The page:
Some of us are lucky enough to live places with mild winters – 40 degrees and sunny is about the worst it’ll get, even in the deepest, darkest days of February.
Others among us are not so lucky. Stuck in the Northern wastes where temperatures routinely drop below freezing in October or November and stay there through late March or early April, we learn how to dress appropriately – or risk literally freezing to death.
There is something to be said for living in such harsh climates, though – it certainly teaches you about yourself, and the importance of not just dressing well – but dressing appropriately for the cold weather.
Unlike our southern brethren who can eschew accessories like hats, gloves and mittens, scarves, and others completely, those among us who have to deal with the extreme cold know how to accessorize – both to look good and to survive the harsh winters common to our regions.
In this spirit of helping out those of us who live where the wind is harsh, the days are short, and the temperatures rarely dip above freezing in the winter, we’ve put together a quick list of some of the best winter gloves for extreme cold on the market. Read on, and see how to protect your hands from the depths of winter.
Heritage Gloves Extreme Winter Glove
- Waterproof breathable liner. Four barriers of...
- Zipper hand warmer pocket.
- Touch screen friendly.
- Durable palm grip.
- 70grams 3M Thinsulate insulation which is bonded to a...
These gloves from Heritage are purpose built with extreme weather in mind – designed to be comfortable and wearable all the way down to -40F temperatures.
Built out of a heavy-duty waterproof exterior, these gloves boast four barriers of protection, which includes a 70g 3M Thinsulate insulation layer bonded to a polar fleece exterior liner. This construction makes them totally waterproof and wind resistant, so they can handle even the toughest conditions.
In addition, these gloves come with a zippered pocket for chemical handwarmers to aid in maintaining finger dexterity and warmth, and a tough palm grip and finger grips to aid in traction and friction in icy conditions. The index and thumb tip also have touchscreen-compatible technology, though it’s a bit tough to use in extremely cold conditions.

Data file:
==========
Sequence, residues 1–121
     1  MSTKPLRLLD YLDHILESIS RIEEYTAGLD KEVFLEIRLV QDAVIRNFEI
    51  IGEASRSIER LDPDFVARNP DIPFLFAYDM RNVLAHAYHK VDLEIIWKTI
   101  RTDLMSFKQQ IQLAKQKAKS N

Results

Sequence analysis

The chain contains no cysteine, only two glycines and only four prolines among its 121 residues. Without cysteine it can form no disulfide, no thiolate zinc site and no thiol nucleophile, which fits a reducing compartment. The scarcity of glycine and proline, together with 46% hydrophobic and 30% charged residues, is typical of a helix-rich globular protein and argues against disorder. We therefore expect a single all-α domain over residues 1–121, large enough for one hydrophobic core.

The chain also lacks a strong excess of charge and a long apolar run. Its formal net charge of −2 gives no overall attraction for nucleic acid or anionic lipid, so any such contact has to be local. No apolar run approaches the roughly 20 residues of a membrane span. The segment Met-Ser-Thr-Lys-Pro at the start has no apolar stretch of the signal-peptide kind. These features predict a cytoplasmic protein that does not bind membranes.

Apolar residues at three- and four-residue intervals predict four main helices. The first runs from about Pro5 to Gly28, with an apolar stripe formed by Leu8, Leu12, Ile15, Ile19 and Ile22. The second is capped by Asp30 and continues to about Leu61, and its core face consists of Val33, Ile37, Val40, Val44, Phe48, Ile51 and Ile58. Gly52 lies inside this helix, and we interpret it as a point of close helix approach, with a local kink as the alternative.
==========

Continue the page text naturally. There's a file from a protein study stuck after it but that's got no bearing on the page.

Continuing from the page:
If you need a good balance of bulk and warmth, these gloves by Heritage are a great choice due to their waterproof 4-layer construction and comparatively low bulk. Combine with a glove liner and your should be covered for all but the most extreme arctic conditions.
Heavy Duty Work Gloves – Carhartt Men’s Cold Snap Insulated Work Glove
- Insulated work glove featuring logo across knuckles,...
- Moisture-wicking lining
- Storm Defender waterproof breathable protection
These gloves by Carhartt provide extreme warmth and plenty of waterproof insulation, but at a cost – they’re quite bulky, and not suitable for tasks which require much dexterity, or for fiddling with small objects like cell phones and watches.
What they are ideal for is outdoor work in the winter, or for long commutes or walks outside when the temperatures are not just below freezing, but below 0F. Their heavy insulation, large size with plenty of airspace and waterproof exterior will keep your hands plenty toasty when you’re outside for extended periods of time.
These gloves are purpose-built to avoid the common pitfalls of other heavy-duty gloves, with extra-insulated fingertips (usually the first area to cool) and a tight, cinchable wrist area that can be tightened down to block wind and the elements from ingress, keeping your hands and wrist area totally warm.